Set aside a specific amount (you’re comfortable with) from your income each month. If you can pull out Rs17,500 every month, then you can set up this 3 months bare minimum Contingency Fund in one year (assuming the basic monthly expenses at Rs70,000). Growing Emergency Fund should be a priority, so you can shift extra cash inflow (bonus, tax refunds, monetary gifts from family) to this fund.
If you’re unable to calculate the corpus and monthly savings to build Emergency Fund, you can also find Online Emergency Fund calculators, with most of the banks [Ref²]
Where to Invest Emergency Funds?
The real purpose of the Emergency fund is to meet your emergency expenses. And such expenses means you need to have liquid assets. Liquid assets, are those assets that can be converted into cash in a short amount of time (within a few hours to a day), to cater to your urgent needs.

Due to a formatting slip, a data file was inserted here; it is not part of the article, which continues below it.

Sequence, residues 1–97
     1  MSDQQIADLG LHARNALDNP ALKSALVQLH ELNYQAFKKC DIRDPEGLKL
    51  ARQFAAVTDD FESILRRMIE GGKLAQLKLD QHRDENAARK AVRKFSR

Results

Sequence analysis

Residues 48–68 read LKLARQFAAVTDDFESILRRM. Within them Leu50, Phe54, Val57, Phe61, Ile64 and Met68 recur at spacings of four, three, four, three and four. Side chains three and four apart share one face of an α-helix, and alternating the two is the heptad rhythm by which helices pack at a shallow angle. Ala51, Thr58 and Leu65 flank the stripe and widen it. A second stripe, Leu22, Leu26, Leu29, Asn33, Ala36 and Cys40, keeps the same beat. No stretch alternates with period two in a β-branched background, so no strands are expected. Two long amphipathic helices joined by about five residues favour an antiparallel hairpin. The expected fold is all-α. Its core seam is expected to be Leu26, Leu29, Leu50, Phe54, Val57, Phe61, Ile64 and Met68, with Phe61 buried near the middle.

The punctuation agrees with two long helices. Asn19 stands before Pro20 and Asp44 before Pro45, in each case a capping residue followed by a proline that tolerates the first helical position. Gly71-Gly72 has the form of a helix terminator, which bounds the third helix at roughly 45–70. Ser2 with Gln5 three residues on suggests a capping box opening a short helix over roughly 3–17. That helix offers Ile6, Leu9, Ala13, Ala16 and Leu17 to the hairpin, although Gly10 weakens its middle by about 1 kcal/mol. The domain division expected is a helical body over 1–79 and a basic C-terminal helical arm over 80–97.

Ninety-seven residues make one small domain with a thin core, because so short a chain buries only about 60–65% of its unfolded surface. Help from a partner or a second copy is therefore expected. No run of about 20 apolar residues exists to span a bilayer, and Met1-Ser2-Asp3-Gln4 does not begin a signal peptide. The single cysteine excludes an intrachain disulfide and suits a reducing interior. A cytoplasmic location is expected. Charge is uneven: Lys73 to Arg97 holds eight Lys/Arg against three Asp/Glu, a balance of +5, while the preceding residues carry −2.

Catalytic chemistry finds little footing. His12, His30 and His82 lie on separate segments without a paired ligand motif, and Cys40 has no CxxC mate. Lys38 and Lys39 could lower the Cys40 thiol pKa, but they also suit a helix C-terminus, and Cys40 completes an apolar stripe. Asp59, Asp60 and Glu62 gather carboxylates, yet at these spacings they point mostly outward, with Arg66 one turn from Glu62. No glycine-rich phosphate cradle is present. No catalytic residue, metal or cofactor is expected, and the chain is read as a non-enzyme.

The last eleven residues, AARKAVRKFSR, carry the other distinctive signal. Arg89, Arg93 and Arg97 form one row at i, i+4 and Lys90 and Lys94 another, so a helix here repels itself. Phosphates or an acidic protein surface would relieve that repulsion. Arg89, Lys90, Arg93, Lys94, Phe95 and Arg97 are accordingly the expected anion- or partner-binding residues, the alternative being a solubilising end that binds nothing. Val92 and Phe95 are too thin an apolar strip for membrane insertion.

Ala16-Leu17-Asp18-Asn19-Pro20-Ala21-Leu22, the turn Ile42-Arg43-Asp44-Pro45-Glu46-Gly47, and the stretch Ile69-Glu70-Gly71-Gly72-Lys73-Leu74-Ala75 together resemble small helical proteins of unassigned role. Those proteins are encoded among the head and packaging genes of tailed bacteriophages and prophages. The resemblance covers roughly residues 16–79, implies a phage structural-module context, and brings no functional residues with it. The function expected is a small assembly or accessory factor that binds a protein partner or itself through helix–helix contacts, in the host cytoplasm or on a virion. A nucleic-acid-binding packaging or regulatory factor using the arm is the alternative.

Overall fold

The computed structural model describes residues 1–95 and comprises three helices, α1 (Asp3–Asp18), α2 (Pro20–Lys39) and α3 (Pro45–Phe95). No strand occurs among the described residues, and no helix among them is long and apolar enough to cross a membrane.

It is a thumb rule to build up this fund before you start investing in volatile Market instruments like Stocks. This current pandemic of Coronavirus has seen most of the portfolio’s turning red, with massive losses to investors. Having a cushion of an emergency fund protects your overall financial situation during such a global crisis. Hence, after you’ve arrived at the figures, investing this corpus in the right instruments should be a prime motive.
Here returns are not that important, but safe and less volatile instruments with easy accessibility to cash (liquid assets) are more important.
Normal Mutual Fund Investment and FD cannot be considered as an Emergency Fund, as these are not always liquid, and hence you need to park these funds separately.
- Cash: Depending upon your Emergency Corpus, fix a percentage of this fund as cash. Usually, 15-25% of Cash is enough.
- Flexi-savings account/ Sweep-in facility: Around 35% of the remaining fund can be invested in the Flexi-savings account/ Sweep-in facility of your bank. Usually Saving accounts give a lesser rate, while Sweep-in has a better rate than a savings account and can be easily accessible at the time of need.